Section 20.6166-1(b) of the Estate Tax Regulations provides that the election under section 6166(a) is made by attaching to a timely filed estate tax return a notice of election containing the following information:
- The decedent's name and taxpayer identification number as they appear on the estate tax return;
- the amount of tax which is to be paid in installments;
- the date selected for payment of the first installment;
- the number of annual installments including the first installment, in which the tax is to be paid;
- the properties shown on the estate tax return which constitute the closely held business interest (identified by schedule and item number); and
- the facts which formed the basis for the executor's conclusion that the estate qualifies for payment of the estate tax in installments.
Example (1)-(i) of the section 20.6166-1(i) of the Estate Tax Regulations states:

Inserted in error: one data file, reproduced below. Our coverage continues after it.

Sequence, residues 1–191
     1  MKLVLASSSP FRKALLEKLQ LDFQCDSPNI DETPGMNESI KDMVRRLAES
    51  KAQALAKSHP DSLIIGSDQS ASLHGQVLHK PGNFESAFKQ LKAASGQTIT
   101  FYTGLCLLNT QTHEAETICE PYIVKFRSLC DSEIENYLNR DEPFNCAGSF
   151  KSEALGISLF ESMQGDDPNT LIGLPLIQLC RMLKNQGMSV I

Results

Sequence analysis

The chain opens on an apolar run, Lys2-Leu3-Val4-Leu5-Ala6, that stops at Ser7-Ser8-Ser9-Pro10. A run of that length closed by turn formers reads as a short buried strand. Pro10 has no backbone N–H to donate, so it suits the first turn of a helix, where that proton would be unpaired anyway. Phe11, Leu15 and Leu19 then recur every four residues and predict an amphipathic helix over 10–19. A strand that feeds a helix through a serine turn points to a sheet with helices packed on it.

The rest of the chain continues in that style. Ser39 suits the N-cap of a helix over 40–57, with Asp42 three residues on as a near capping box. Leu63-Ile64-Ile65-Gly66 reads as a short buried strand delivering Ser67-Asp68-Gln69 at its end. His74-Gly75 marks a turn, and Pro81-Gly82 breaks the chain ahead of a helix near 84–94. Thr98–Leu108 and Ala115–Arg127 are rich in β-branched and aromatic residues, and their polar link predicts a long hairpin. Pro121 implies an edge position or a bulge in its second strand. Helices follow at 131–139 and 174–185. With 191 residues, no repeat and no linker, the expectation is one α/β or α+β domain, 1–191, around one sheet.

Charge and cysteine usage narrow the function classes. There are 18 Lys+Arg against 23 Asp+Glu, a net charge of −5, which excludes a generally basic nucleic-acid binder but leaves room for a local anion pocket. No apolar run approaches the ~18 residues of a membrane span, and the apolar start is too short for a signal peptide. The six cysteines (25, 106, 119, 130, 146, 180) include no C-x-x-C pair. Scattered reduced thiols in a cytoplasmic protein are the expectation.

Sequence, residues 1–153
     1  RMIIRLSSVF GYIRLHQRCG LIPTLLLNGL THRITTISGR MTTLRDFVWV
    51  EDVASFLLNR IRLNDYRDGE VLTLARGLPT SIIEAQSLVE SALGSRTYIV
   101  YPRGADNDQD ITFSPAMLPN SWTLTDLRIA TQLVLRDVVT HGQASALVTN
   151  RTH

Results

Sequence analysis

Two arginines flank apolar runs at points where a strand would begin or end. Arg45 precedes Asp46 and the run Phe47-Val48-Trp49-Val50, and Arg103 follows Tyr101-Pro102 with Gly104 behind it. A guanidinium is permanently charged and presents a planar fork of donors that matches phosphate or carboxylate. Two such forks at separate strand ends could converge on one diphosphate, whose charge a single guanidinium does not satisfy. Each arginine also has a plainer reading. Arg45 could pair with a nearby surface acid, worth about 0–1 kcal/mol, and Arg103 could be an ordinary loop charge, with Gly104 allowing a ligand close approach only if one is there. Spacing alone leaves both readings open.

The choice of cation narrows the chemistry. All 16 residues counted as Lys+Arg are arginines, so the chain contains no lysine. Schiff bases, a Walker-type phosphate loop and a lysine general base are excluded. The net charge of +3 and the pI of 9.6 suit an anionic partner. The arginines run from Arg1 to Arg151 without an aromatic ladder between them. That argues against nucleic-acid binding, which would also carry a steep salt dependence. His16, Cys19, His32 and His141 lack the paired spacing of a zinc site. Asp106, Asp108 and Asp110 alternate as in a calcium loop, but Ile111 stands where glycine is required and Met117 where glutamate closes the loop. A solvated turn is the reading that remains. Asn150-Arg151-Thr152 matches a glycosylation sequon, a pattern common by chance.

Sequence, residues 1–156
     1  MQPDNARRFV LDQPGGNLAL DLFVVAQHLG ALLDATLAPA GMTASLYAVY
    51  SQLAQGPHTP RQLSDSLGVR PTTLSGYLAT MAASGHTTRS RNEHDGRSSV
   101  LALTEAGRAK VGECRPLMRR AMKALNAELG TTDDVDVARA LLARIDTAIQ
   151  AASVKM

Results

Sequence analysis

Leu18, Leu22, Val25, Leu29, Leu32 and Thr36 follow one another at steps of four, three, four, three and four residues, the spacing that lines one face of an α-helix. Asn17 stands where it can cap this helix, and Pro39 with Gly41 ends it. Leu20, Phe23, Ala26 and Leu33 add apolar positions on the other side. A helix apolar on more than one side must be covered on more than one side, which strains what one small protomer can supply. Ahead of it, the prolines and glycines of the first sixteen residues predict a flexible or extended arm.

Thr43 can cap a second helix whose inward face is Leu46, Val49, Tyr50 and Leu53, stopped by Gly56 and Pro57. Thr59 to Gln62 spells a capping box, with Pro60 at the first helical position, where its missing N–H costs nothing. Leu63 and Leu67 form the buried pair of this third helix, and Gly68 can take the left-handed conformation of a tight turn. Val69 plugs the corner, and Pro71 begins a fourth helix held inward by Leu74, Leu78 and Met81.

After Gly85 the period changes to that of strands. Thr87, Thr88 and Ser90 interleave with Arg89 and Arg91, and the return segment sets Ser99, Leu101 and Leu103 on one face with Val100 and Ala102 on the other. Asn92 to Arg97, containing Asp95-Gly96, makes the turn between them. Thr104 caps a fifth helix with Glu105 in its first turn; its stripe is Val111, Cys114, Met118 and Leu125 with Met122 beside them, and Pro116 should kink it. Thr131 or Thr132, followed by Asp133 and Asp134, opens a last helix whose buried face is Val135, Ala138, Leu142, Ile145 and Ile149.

Based upon values shown on decedent A's timely filed estate tax return, 60 percent of the value of A's adjusted gross estate consisted of a farm which was a closely held business within the meaning of section 6166. A's executor, B, made a protective election under section 6166 when he filed A's estate tax return. B also applied for an extension of time under section 6161 to pay $15,000 of the $30,000 of estate tax shown due on the return. The requested extension was granted and was renewed at the end of 1 year. Eighteen months after the return was filed and after examination of A's estate tax return, the value of the farm was found to constitute 67 percent of the adjusted gross estate. B entered into an agreement consenting to the value as established on examination and to a deficiency of $5,000. B then filed a final notice of election under section 6166, choosing a 5-year deferral followed by 10 annual installment payments and thereby terminated his extension under section 6161 because that amount of tax was then included under the section 6166 election. B could have extended payment of 67 percent of the total estate tax, or $23,450. $23,450 is eligible for installment payments under section 6166 and the section 6166 election is considered to be for that amount. B is considered to have prepaid $3,450 of tax since only $20,000 of tax remained unpaid. The $3,450 is attributed to the first installment of $2,345 and to $1,105 of the second installment which would have been payable under the section 6166 election.